Author: Karen Marie Moning
30. "As is always the case with a thoroughly attractive woman, her defect—the shortness of her upper lip and her half-open mouth—seemed to be her own special and peculiar form of beauty."
Author: Leo Tolstoy
31. "In his early text, somewhat cumbersomely titled 'Towards a Critique of Hegel's PHILOSOPHY OF RIGHT,' the young Karl Marx famously noted that religion - the Christian faith, he meant primarily - is 'the opiate of the people.' It's a drug, and it's a 'downer' or 'depressant' insulating people from the pain of oppressive social realities and consoling them with a dream world of heavenly bliss. Alternatively, religion can function as an 'upper,' a 'stimulant' energizing people for the tasks at hand - a function of religion Marx failed to grasp."
Author: Miroslav Volf
32. "We are all addicts in various stages of degradation where I live on the Upper West Side, some to heroin, some to small dogs, and some to the New York Times. The heroin is cut, the dogs are paranoid, and the Times cheats by skimping on the West Coast ball scores. No matter, each of us goes upon the street solely in pursuit of his own particular curse."
Author: Murray Kempton
33. "Miriam will never know what kind of dog attacked her, will imagine a Doberman or a German shepherd with snarling, angry teeth despite the fact she bears neither bite marks nor broken skin. It will never cross her mind that the dog was a beagle and that she was knocked over from a surprise more than force. The children of the house she fled will use the incident to convince their parents to keep the dog, which had been on the verge of being given away for its propensity to shit at the slightest hint of thunder it having been sequestered in the garage that night because of a stormy forecast. The family will never know what manner of burglar their fog deflected, will imagine a scruffy, heavy-set man with scars and a limp groping the family jewelery. It will never cross their minds that their intruder was am upper middle-class wife and mother of two who would have had eyes only for their Chinese teakettle."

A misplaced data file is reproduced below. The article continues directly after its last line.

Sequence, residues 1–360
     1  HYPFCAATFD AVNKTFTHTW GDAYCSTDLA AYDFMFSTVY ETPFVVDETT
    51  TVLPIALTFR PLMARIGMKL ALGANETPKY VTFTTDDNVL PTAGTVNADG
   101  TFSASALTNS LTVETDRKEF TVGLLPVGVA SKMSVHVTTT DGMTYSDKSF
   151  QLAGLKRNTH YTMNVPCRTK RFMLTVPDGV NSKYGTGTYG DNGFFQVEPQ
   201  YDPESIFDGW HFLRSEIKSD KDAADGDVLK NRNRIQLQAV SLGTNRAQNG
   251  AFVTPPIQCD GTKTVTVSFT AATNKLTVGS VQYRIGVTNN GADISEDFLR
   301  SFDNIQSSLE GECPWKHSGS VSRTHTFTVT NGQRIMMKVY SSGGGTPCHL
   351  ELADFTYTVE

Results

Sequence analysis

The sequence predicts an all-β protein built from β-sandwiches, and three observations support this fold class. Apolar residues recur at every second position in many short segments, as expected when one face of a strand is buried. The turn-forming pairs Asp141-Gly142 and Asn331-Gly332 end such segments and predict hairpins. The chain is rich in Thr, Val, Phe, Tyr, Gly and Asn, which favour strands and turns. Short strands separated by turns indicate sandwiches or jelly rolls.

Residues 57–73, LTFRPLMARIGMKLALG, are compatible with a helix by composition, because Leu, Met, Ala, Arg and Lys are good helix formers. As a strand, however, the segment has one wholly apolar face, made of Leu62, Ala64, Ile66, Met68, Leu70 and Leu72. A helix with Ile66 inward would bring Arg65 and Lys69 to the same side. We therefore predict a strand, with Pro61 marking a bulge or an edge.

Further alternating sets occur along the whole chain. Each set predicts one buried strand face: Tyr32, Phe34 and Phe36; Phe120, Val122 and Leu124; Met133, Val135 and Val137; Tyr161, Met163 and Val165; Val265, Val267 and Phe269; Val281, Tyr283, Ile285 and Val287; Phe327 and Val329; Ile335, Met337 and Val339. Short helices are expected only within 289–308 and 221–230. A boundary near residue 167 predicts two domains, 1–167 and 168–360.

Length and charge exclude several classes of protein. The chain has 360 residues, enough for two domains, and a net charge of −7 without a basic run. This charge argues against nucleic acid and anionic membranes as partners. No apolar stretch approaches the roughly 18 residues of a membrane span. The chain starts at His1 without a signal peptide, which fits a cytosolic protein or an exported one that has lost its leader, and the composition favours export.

Author: Myla Goldberg
34. "Man may deceive his fellow-men, deception may follow deception, and the children of the wicked one may have power to seduce the foolish and untaught, till naught but fiction feeds the many, and the fruit of falsehood carries in its current the giddy to the grave; but one touch with the finger of his love, yes, one ray of glory from the upper world, or one word from the mouth of the Savior, from the bosom of eternity, strikes it all into insignificance, and blots it forever from the mind. (Messenger and Advocate Oct 1934 pp 14-16)"
Author: Oliver Cowdery
35. "You see, I had decided - rightly or wrongly - to grow a moustache, and this had cut Jeeves to the quick. He couldn't stick the thing at any price, and I had been living ever since in an atmosphere of bally disapproval till I was getting jolly well fed up with it. What I mean is, while there's no doubt that in certain matters of dress Jeeves's judgment is absolutely sound and should be followed, it seemed to me that it was getting a bit too thick if he was going to edit my face as well as my costume. No one can call me an unreasonable chappie, and many's the time I've given in like a lamb when Jeeves has voted against one of my pet suits or ties; but when it comes to a valet's staking out a claim on your upper lip you've simply got to have a bit of the good old bulldog pluck and defy the blighter."